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Iran universities target of conservative attacks

Report Source: Radio Zamaneh

Kazem Seddighi

Tehran's Friday prayers, led by Kazem Seddighi, focused on "cleansing" the universities as a means of putting an end to the recent unrest. Mr. Seddighi claimed: "There is need for another revolution in the universities, like the first one."

After the Iranian Revolution of 1979, in addition to firing a large number of university faculty members and executives, the teaching curricula and methods were also adapted to Islamic standards.

Mr. Seddighi called for a complete overhaul of every field in the human sciences and urged "pious professors who are knowledgeable in Islamic issues" to write the necessary humanities textbooks based on the Quran and Islamic laws.

He maintained some professors have taken "a western hue" and directly connected, what he called "riots by rogues," to certain faculties at the university.

Protests at Tehran's Open University, October 2009: Since the beginning of the school year, protests rallies have been held in many universities against the government and in support of the opposition movement.

Following the June presidential elections and the mass protests against the alleged fraudulent victory of Mahmoud Ahmadinejad, the Supreme Leader, Ayatollah Khamenei also expressed his concerns about the two million students that are enrolled in the human sciences at Iranian universities claiming that the field of humanities "results in doubt and uncertainty about the principles of faith and religion." He maintained that there aren't enough professors with expertise in the Islamic worldview to meet the teaching needs of these students.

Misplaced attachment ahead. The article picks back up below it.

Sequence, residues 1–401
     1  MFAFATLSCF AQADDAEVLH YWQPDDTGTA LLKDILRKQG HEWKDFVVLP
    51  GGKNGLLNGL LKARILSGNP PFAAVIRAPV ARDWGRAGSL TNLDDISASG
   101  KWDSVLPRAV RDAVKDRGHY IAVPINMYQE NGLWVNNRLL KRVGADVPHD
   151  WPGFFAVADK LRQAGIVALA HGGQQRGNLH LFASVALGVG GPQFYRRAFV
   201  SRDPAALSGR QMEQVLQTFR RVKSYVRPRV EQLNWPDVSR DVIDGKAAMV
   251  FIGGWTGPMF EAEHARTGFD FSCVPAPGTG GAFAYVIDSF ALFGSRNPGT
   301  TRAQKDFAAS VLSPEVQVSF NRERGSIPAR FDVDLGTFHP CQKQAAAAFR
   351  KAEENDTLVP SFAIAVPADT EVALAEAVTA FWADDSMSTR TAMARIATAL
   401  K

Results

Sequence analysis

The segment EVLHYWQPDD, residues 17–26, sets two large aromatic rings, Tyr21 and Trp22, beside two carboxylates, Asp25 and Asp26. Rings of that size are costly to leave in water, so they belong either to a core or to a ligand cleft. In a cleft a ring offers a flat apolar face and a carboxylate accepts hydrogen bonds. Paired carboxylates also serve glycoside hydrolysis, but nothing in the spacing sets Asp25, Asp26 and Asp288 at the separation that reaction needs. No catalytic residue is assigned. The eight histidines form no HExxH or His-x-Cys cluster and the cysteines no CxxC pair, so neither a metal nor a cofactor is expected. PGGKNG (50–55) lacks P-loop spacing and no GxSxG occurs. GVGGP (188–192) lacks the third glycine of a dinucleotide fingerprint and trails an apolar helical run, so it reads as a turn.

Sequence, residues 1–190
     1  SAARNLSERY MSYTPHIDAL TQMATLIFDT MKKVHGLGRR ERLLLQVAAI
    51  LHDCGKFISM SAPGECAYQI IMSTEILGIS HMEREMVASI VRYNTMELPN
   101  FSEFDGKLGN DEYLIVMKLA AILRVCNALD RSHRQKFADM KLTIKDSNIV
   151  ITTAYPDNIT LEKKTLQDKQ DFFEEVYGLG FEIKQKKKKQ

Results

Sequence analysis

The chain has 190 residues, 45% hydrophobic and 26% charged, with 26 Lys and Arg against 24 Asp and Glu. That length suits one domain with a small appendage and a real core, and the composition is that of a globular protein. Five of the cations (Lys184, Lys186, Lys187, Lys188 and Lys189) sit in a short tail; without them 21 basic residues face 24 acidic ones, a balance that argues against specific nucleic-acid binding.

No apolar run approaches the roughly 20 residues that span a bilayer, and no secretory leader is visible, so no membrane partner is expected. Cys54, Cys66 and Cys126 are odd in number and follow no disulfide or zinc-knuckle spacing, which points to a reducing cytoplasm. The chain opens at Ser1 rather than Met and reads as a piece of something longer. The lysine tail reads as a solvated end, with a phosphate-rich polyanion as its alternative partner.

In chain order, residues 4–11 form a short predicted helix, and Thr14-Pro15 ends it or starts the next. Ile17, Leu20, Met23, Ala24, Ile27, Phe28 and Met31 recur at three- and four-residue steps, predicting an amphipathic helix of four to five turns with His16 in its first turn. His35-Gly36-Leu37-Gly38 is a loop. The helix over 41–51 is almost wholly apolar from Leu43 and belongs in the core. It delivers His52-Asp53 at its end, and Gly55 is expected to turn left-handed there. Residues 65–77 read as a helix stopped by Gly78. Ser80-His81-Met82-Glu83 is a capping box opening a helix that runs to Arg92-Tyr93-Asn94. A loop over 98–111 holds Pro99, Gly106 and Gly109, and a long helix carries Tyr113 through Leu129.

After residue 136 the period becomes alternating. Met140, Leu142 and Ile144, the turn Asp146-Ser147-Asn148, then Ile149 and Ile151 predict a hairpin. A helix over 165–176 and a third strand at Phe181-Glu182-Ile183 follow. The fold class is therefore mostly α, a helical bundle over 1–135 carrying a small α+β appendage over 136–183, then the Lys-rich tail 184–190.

In today's Friday prayers, Mr. Seddighi claimed "Western theories do not reflect the realities of Iranian society. " He added: "For instance, some lawyers are unable to tolerate the criminal code and women's rights accorded in Islamic law. And they even reveal these feelings."

Mr. Seddighi pointed out to protests against the adoption of Islamic "Ghesas" law (literally, punishment in kind) at the beginning of the Revolution and the fierce reaction of Imam Khomeini to the criticism of these laws.

In the past weeks, there have been widespread protests against the increase in the number executions in Iran. Some law experts claim that some of these executions, while in complete violation of international agreements signed by Iran, are also against Iran's national laws. Iran has one of the highest numbers of executions in the world.

... Payvand News - 10/24/09 ... --

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